Over the past week, New Zealanders have been horrified to learn the extent to which families are being forced to live in garages and cars because of National's housing crisis.
The same crisis that is locking so many young people out of homeownership is locking our poorest families out of any home at all. That's not the Kiwi way.
The images we have seen used to be the kind of thing we only saw in other countries. We used to take pride in saying New Zealand is better than that. National has taken that away from us, just as they have taken away the Kiwi dream of homeownership from the younger generation.
Paula Bennett wrote an opinion piece at the weekend, trying to justify the inexcusable reality we now face of new-born babies living in cars. Her excuse boiled down to 'it's too expensive'.
She claimed it costs $40,000 to house a family of five in Tamaki. That's a trumped up example but let's take it and see how many families a government with the right priorities could house:
• National spent $27m on a failed flag referendum. That could have housed 675 families
• $11.5m on a sheep farm in the Saudi desert could have housed 287 families
• $118m in dividends that National is taking out of Housing New Zealand could house 2,950 families
So, with just three different choices, John Key's government could be housing nearly 20,000 more people. That's enough to get on top of the homelessness problem, right there.
It's always about choices, and National has made some terrible ones. They've let foreign speculators continue to buy our houses and use them as gambling chips. I don't care if it's 4,000 houses a year, as National says, or 16,000 as the official numbers indicate. One house that is owned by an offshore speculator rather than a Kiwi family is too many.
National has cut $1.7 billion out of the health budget, meaning that 160,000 people have missed out on operations that they need, and people have died because, in the Health Minister's words Pharmac "haven't' got the money at the moment" to buy the latest life-saving medicines.
By underfunding education, National has forced higher costs on to parents and students. The cost of primary and secondary education is rising at 10 times the rate of inflation.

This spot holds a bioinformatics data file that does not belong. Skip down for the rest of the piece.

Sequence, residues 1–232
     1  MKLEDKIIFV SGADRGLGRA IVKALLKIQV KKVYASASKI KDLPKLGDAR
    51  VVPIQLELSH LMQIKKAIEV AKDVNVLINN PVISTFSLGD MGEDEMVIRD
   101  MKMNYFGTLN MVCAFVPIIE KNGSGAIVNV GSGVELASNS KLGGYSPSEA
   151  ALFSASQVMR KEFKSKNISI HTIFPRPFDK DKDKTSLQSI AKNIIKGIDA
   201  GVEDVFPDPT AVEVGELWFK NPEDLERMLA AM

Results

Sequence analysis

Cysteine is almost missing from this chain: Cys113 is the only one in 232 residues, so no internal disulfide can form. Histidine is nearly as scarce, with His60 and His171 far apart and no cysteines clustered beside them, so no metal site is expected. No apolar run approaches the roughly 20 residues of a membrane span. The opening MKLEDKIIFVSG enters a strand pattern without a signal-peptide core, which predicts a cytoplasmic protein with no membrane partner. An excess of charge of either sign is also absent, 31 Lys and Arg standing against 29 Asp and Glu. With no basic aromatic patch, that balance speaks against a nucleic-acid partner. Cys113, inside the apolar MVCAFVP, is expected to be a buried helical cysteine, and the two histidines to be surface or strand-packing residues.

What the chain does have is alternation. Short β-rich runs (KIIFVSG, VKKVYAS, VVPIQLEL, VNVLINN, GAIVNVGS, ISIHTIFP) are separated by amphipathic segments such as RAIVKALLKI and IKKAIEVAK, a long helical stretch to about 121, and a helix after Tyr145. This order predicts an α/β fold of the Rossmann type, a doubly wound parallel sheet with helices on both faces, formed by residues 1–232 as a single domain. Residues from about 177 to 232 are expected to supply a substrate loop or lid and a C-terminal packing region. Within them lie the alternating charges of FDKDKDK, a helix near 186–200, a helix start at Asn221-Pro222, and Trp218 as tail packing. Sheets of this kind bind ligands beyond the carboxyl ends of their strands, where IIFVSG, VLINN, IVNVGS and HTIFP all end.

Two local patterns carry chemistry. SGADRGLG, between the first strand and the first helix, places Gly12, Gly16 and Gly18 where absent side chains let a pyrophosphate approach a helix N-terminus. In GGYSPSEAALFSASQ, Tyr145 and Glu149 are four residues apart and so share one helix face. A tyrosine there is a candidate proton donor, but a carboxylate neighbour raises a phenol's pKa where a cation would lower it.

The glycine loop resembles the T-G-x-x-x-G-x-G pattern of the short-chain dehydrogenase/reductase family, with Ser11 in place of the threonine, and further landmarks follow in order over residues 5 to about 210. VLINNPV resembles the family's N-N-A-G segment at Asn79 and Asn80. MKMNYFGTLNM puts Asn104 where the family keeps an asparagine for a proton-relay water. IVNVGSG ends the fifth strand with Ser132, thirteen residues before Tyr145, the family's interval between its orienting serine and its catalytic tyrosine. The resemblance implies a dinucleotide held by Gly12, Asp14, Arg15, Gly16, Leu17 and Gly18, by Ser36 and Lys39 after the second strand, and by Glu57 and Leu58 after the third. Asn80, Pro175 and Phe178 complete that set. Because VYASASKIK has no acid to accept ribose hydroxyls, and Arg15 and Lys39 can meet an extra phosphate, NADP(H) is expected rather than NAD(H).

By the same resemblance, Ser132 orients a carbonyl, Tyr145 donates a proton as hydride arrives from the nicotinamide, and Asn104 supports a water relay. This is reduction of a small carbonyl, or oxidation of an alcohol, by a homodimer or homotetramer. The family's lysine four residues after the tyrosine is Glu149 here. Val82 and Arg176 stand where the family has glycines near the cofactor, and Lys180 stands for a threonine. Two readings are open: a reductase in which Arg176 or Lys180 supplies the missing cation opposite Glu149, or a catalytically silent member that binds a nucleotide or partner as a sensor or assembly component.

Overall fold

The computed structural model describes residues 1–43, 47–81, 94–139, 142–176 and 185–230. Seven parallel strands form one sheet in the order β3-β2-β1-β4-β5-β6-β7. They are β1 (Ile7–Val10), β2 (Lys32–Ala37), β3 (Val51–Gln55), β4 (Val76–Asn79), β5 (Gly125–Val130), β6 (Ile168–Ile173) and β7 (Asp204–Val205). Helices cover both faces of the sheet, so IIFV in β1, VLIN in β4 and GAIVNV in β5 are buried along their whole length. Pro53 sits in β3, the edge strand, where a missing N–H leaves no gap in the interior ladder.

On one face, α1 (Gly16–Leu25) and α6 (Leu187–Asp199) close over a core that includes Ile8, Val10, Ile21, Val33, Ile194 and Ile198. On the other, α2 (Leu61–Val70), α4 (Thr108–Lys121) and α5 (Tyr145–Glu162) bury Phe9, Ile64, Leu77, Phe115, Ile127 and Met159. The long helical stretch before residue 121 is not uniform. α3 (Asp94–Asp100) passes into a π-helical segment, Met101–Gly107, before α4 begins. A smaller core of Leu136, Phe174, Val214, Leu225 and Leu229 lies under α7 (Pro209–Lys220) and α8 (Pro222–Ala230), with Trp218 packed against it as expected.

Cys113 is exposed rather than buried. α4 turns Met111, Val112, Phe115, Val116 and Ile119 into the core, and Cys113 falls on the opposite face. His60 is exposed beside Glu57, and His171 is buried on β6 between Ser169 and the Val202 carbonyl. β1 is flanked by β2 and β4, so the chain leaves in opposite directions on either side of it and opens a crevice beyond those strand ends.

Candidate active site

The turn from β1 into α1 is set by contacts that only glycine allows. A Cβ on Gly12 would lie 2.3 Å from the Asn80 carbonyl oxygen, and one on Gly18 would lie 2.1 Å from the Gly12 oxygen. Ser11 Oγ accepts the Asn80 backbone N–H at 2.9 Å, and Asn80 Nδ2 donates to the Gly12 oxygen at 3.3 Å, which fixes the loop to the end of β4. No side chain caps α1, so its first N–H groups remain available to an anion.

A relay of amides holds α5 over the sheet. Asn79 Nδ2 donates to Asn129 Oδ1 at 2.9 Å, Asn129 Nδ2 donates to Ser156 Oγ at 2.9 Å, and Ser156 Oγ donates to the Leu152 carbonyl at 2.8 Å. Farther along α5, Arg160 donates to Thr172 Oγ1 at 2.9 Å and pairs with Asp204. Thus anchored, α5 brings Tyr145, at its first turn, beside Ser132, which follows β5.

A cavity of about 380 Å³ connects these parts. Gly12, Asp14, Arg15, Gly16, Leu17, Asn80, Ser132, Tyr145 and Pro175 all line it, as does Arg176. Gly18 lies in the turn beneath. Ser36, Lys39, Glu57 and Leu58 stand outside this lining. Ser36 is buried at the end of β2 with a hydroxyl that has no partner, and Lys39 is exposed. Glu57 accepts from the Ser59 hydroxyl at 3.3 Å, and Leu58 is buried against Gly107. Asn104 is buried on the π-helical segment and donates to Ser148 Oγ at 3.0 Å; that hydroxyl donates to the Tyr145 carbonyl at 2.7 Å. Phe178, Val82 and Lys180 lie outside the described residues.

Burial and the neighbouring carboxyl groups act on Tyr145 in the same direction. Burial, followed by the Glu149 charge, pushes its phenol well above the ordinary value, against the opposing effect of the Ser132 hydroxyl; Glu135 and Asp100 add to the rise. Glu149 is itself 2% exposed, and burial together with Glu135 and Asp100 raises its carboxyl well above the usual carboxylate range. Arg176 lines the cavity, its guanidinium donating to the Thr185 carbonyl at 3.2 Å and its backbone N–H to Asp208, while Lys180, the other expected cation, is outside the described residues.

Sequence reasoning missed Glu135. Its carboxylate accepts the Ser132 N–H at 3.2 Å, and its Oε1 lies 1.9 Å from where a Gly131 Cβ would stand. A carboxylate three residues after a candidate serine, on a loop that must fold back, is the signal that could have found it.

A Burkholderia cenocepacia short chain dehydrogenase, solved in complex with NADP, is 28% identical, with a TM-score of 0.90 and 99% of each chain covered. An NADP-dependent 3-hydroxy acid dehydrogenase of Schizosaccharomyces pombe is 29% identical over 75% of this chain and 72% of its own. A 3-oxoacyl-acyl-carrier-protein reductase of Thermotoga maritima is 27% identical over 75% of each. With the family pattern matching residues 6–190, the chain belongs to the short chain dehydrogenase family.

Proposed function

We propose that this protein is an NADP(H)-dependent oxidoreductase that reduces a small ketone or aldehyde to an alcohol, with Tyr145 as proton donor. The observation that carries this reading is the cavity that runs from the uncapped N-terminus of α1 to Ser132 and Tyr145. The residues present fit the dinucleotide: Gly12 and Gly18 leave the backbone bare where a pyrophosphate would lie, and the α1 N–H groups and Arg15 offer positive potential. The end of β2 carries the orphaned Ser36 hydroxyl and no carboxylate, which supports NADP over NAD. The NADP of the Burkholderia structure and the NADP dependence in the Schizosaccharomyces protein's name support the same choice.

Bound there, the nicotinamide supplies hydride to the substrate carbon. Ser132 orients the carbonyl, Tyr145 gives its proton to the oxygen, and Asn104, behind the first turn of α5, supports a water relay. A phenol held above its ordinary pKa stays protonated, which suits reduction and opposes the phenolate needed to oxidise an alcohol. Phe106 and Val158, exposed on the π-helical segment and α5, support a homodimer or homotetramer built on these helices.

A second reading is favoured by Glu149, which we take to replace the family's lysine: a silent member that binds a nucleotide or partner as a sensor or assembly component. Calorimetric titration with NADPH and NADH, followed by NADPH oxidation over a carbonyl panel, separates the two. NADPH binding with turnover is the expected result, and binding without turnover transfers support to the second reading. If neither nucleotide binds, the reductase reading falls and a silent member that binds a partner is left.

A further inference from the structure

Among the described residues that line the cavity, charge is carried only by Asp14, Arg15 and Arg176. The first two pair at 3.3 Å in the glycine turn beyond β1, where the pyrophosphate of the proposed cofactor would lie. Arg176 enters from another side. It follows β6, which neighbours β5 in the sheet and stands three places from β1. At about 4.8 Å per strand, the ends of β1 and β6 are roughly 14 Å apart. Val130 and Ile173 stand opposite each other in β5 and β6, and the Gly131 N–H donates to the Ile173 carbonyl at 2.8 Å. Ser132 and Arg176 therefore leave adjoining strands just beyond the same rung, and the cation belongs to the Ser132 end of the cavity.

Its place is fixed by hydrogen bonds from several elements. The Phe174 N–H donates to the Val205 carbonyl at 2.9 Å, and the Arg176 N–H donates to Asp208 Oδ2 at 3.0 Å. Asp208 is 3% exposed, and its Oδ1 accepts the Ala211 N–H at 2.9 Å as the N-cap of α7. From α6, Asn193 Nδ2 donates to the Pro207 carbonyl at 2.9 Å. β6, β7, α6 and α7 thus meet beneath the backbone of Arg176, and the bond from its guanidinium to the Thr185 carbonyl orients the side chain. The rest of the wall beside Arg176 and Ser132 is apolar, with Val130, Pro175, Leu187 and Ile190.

Incredibly, the number of people who are studying for a post-school qualification is falling. How are we meant to get a head as a country if we're not investing in education?
And, to top it all off, new research shows that working Kiwis' slice of economic growth has fallen from more than 50 per cent under the previous Labour Government to just 37 per cent under National. That adds up to $50 less per week for the average family this year.
National's excuse, whether it's decent housing, health cuts, or the rising cost of education is always that doing the right thing costs too much. That argument doesn't hold any water when John Key turns around and says he is planning a $3 billion tax bribe for the election.
Government is about choices, about priorities. The government I lead will focus on what matters:
• Building affordable homes for families to buy and live in.
• Making sure every rental is warm, dry, and healthy.
• Reversing National's $1.7 billion of health cuts.
• Making education affordable for parents and removing fees on post-school education.
• Investing in growth so that there are well-paying jobs, and everyone gets their fair share of prosperity.
Is that an ambitious list? Sure. We need a government with vision. Is it doable and affordable? Absolutely. It is about making the choice: investing in the things that matter or borrowing for tax cuts.
As we see working people's slice of the economic pie shrinking, as we see the public services we rely on crumble under funding cuts, and the heartbreaking images of the kids living in cars or crowded garages, the choice is simple.
Andrew Little is the leader of the Labour Party.
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